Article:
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San Diego Humane Society

Grooming at Home: Do's and Don’ts

Grooming goes beyond keeping your pet clean. It helps you stay aware of any health concerns like lumps, bumps, cuts or other problems so you can seek veterinary care early. The sooner you introduce your pet to the process, the more easily she will accept brushing, bathing, ear cleaning and nail trimming.

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When grooming your pet, safety always comes first. While grooming:

  • DO go slow. If your pet is not cooperating or you find yourself feeling frustrated, take a break and try again later. Remember, this should be a good experience.
  • DO give lots of praise for good behavior.
  • DO use caution when cutting out mats. Slide a comb between the mat and your pet’s skin so you don’t accidentally cut her. You can also use clippers to shave off mats.
  • DON’T neglect your equipment. Clippers, blade and scissors are expensive. Always clean them after each use, and have them professionally sharpened periodically.
  • DON’T get discouraged. Every grooming session is an opportunity to learn. The hair always grows back.

Clipping Nails

Clip the nails with the nail trimmers, removing just the very tips. If you’re met with too much resistance to nail clipping, go back a step and just try holding the paws for 10 seconds every day. That will get your pet used to having her paws handled. The more often you brush and trim the nails, the more your pet will come to accept and stand calmly.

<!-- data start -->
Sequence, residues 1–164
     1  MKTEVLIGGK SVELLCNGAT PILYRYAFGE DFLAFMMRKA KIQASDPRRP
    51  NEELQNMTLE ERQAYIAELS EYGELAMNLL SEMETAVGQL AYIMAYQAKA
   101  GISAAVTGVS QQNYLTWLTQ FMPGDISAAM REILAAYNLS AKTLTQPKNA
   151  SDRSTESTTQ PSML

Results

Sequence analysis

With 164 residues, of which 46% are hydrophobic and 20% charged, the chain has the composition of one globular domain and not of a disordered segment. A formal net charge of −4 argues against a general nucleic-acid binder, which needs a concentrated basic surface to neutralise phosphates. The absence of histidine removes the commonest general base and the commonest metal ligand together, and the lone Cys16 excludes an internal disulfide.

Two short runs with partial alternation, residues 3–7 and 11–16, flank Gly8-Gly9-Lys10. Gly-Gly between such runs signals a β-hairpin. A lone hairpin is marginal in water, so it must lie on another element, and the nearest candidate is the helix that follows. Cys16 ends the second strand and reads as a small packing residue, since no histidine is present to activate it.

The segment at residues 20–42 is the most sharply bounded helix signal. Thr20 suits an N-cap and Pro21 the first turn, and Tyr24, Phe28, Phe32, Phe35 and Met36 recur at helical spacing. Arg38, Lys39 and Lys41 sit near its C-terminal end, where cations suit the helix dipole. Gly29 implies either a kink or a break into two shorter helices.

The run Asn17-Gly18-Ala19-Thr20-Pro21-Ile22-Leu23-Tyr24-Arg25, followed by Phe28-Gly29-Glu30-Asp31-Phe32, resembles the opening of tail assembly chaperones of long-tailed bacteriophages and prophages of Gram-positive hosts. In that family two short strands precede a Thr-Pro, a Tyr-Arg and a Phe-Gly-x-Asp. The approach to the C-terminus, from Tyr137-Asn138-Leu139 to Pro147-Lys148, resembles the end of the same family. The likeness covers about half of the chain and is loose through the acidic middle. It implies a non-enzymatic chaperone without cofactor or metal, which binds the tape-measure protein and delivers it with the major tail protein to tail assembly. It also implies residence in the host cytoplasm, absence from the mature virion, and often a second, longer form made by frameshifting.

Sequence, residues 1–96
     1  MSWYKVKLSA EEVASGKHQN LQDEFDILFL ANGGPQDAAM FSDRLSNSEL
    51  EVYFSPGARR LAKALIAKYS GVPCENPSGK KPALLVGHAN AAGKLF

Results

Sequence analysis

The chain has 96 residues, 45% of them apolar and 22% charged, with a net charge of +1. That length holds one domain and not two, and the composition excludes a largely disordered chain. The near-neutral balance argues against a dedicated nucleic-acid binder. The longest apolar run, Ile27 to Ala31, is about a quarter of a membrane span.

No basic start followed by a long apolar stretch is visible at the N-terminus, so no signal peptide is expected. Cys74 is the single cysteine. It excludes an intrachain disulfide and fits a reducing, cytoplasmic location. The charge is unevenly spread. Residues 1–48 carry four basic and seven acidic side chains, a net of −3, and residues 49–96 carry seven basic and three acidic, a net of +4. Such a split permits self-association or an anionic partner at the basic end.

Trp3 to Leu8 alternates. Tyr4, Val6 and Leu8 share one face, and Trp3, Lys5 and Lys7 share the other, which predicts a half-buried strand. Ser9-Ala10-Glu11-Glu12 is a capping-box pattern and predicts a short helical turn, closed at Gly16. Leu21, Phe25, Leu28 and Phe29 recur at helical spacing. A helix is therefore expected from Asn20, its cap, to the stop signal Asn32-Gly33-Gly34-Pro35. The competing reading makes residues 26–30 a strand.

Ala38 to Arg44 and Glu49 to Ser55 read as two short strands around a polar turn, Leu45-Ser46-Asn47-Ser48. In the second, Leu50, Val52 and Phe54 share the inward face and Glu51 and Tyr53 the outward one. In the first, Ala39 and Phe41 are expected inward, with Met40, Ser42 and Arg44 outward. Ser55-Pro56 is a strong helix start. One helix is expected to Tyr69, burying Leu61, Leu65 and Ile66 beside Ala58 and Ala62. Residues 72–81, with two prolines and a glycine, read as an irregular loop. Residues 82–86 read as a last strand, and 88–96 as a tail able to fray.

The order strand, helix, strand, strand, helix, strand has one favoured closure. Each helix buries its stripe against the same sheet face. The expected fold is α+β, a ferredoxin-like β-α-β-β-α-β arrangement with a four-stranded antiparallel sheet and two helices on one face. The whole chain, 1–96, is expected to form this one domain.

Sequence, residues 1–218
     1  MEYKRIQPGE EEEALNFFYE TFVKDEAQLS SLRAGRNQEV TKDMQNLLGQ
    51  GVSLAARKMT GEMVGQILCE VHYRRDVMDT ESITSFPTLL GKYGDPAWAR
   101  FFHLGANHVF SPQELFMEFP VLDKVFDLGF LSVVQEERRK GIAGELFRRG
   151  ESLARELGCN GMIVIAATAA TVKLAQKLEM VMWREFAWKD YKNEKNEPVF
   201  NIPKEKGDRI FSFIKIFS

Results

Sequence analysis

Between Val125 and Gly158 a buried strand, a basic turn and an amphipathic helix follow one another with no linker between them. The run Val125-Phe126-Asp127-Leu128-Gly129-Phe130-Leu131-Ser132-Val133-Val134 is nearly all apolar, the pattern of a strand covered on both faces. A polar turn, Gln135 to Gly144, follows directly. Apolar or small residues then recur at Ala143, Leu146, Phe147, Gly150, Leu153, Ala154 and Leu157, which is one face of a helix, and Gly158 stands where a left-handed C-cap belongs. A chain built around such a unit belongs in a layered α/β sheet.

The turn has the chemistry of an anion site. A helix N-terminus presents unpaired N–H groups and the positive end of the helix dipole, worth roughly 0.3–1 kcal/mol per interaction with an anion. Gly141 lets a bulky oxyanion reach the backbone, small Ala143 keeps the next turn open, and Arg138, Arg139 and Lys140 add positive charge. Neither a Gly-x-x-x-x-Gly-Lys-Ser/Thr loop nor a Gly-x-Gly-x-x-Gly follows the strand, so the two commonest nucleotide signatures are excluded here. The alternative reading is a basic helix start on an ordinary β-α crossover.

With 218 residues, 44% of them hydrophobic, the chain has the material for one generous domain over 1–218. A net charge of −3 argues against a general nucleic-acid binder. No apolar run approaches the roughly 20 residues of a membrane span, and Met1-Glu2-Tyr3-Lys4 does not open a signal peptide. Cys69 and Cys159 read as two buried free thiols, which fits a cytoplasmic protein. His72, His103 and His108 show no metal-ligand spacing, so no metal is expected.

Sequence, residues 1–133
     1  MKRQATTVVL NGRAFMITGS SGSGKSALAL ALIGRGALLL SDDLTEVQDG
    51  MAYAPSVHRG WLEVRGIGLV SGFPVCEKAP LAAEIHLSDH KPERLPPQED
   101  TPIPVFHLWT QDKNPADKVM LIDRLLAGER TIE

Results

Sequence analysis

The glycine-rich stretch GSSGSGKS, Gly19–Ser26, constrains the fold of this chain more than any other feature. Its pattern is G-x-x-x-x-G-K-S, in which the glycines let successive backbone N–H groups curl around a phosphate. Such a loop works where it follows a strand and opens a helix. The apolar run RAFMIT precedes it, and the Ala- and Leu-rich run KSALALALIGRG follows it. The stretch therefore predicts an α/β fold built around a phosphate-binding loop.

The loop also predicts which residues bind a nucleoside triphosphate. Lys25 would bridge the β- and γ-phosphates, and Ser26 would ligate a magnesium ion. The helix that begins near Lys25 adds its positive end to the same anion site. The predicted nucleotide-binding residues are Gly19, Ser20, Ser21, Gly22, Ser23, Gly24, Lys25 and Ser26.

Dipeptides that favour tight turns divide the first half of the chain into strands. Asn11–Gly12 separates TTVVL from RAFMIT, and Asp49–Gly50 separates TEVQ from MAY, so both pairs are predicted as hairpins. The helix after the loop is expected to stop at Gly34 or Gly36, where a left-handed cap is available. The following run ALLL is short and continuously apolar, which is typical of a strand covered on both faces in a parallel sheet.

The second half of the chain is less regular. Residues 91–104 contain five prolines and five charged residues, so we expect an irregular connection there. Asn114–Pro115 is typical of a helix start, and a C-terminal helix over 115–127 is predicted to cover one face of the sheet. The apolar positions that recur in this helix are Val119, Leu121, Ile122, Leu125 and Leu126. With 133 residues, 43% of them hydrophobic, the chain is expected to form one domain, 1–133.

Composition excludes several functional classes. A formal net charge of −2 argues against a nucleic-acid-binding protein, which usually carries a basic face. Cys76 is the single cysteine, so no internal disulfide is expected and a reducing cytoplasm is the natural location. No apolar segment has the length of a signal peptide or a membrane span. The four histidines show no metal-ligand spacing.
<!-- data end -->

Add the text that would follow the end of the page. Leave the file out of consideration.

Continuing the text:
All dogs need baths, whether because they get dirty or simply to wash out dust, dander, loose hair and oily residue from the skin. If you or someone in your family suffers from mild dog allergies, frequent bathing can reduce the amount of dander on the coat and in your home.

How often your dog needs a bath depends on breed and coat type, as well as how much she is outside. Most dogs do fine with monthly or even weekly baths as long as you use a gentle, moisturizing shampoo and completely rinse all the soap out of the coat. Cats can be bathed much less frequently — twice a year might be sufficient unless she goes outside or becomes dirty.

  • DO always make bath time a good bonding experience. Take your time, offering praise along the way.
  • DON’T use human shampoos; most will dry out the skin.
  • DO rinse, rinse and rinse some more; any soap left in the coat will be itchy and make the hair look greasy.
  • DON’T bathe your pet outside with the hose unless you have warm water. You wouldn’t enjoy a cold outdoor shower, and neither would your pet.
  • DO put a tiny amount of artificial tear ointment in the eyes before the bath. This will prevent soap from irritating your pet’s eyes.

Cleaning Ears

Pets who get frequent ear infections or a lot of buildup in the ears will benefit from weekly or biweekly ear cleanings. Start out with a big cotton ball (cotton batting is even better). Wet the cotton with the ear cleaner, and use it to swipe out the inside of the ear. A small amount of cleaner will naturally drip down into the ear canal. Gently massage the base of the ear with your fingers. Stand back and let your pet shake his head (drape a towel over her head to minimize the mess). Then use the cotton ball to softly wipe out the ear. Never stick a cotton swab into the ear canal; you can rupture your pet’s eardrum.

For more tips on grooming and other essential pet information, check out the Complete Guide to Pet Health, Behavior, and Happiness,” authored by Gary Weitzman, DVM, MPH, CAWA, president and CEO of San Diego Humane Society.

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